In his book, Letaille provides a description of all of the world’s known regions with the exception of Europe, which was probably seen as too familiar to require any coverage. However, having enumerated in stereotypical terms some of the perceived undesirable characteristics of non-European peoples, such as cannibalism and indolence, Letaille concludes his introduction by concurring with a Chinese proverb, that says in order that we should all be happy, we should not stray from home.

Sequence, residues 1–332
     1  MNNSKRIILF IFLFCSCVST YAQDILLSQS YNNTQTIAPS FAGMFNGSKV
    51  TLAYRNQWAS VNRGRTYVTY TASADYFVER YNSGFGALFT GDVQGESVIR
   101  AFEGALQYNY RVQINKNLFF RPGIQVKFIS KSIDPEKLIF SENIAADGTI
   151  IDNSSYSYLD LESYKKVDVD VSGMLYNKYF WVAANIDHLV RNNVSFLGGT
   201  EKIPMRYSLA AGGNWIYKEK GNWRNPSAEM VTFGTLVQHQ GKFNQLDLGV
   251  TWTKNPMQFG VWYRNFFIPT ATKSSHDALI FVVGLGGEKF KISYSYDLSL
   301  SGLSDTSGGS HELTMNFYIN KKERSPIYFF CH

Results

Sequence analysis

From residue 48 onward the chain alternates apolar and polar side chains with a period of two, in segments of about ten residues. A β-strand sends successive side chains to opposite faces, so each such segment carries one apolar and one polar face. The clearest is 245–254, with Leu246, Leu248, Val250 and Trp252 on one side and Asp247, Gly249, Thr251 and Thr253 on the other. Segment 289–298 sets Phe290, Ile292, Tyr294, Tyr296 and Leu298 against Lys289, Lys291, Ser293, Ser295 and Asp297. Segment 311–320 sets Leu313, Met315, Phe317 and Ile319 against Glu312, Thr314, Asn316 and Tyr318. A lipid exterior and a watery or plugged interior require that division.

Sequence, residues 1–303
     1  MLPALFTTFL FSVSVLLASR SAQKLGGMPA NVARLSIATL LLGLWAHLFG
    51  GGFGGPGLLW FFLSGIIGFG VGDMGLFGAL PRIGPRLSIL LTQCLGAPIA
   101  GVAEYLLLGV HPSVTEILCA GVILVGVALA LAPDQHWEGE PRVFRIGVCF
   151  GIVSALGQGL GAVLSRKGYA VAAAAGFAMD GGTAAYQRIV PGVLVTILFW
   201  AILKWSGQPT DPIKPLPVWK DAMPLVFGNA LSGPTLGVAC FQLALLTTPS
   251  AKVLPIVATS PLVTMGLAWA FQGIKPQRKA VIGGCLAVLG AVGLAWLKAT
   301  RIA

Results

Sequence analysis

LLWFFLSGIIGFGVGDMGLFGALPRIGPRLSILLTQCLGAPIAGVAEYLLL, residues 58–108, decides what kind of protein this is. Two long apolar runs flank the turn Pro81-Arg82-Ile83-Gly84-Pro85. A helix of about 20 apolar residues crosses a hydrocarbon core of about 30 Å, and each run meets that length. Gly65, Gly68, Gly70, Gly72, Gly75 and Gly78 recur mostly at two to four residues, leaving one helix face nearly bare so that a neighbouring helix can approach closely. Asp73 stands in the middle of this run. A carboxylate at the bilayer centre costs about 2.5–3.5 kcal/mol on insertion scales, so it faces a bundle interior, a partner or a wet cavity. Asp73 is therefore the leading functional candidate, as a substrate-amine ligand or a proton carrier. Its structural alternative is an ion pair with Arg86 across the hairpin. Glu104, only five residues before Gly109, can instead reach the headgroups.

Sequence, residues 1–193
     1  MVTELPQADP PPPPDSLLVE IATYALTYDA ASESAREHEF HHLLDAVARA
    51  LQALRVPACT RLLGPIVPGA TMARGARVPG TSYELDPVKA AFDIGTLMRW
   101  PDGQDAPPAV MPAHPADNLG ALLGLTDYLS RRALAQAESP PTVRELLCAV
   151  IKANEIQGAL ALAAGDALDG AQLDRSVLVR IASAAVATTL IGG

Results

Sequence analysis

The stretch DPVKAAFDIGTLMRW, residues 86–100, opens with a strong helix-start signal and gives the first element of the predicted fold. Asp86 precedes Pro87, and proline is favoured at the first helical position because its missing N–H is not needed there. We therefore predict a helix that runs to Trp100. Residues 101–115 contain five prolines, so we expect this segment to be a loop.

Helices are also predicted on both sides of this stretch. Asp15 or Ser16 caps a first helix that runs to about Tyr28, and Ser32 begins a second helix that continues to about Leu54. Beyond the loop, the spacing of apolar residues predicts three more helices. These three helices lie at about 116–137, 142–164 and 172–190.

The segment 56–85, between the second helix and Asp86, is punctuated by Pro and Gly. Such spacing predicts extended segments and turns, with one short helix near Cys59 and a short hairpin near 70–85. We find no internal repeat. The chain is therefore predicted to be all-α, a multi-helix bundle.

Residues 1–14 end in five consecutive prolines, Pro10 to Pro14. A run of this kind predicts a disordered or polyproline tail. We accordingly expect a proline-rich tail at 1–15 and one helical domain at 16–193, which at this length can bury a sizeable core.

The artist and publisher Charles Letaille (1815-1908) took over the long-established business of Pintard jeune at 30 rue Saint-Jacques, which had specialised in devotional prints. (Letaille was himself deeply pious and is known to have contributed one-third of his profits to the Catholic Church and the poor). At some point in the 1840s he branched out into the educational market, publishing books and games for children. The present game evolved out of a series of books with sepia plates that were designed to be cut out and used as displayable silhouettes, an idea inspired by the popularity of paper doll toys which had emerged in the 1830s. Letaille was extremely successful, and by 1860 was able to relocate from the Latin quarter to rue Garancière near the Jardin du Luxembourg. It appears that between this time and his retirement in 1876, however, his business moved out of educational books and games and reverted to the publication of exclusively religious material.